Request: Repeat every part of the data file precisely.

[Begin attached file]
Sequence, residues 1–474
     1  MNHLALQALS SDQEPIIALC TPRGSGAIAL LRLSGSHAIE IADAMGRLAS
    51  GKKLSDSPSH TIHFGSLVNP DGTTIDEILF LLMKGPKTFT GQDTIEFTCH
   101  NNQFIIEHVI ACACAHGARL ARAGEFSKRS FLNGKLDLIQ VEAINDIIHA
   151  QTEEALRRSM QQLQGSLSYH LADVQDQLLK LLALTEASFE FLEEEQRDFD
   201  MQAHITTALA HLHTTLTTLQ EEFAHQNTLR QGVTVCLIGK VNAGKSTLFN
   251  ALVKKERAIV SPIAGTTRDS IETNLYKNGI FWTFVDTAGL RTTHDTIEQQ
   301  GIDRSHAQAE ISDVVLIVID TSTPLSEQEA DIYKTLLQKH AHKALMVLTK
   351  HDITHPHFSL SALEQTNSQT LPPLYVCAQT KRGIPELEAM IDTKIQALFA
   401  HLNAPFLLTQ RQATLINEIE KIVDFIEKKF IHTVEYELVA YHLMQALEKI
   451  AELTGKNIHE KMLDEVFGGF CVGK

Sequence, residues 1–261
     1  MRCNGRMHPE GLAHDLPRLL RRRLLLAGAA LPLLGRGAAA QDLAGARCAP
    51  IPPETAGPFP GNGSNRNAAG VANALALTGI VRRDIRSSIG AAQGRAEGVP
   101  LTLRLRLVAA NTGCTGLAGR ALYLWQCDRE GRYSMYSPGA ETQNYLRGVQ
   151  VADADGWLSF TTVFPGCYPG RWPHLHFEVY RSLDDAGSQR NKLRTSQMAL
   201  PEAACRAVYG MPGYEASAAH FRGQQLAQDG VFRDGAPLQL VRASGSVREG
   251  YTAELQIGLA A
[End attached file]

Sequence, residues 1–474
     1  MNHLALQALS SDQEPIIALC TPRGSGAIAL LRLSGSHAIE IADAMGRLAS
    51  GKKLSDSPSH TIHFGSLVNP DGTTIDEILF LLMKGPKTFT GQDTIEFTCH
   101  NNQFIIEHVI ACACAHGARL ARAGEFSKRS FLNGKLDLIQ VEAINDIIHA
   151  QTEEALRRSM QQLQGSLSYH LADVQDQLLK LLALTEASFE FLEEEQRDFD
   201  MQAHITTALA HLHTTLTTLQ EEFAHQNTLR QGVTVCLIGK VNAGKSTLFN
   251  ALVKKERAIV SPIAGTTRDS IETNLYKNGI FWTFVDTAGL RTTHDTIEQQ
   301  GIDRSHAQAE ISDVVLIVID TSTPLSEQEA DIYKTLLQKH AHKALMVLTK
   351  HDITHPHFSL SALEQTNSQT LPPLYVCAQT KRGIPELEAM IDTKIQALFA
   401  HLNAPFLLTQ RQATLINEIE KIVDFIEKKF IHTVEYELVA YHLMQALEKI
   451  AELTGKNIHE KMLDEVFGGF CVGK

Sequence, residues 1–261
     1  MRCNGRMHPE GLAHDLPRLL RRRLLLAGAA LPLLGRGAAA QDLAGARCAP
    51  IPPETAGPFP GNGSNRNAAG VANALALTGI VRRDIRSSIG AAQGRAEGVP
   101  LTLRLRLVAA NTGCTGLAGR ALYLWQCDRE GRYSMYSPGA ETQNYLRGVQ
   151  VADADGWLSF TTVFPGCYPG RWPHLHFEVY RSLDDAGSQR NKLRTSQMAL
   201  PEAACRAVYG MPGYEASAAH FRGQQLAQDG VFRDGAPLQL VRASGSVREG
   251  YTAELQIGLA A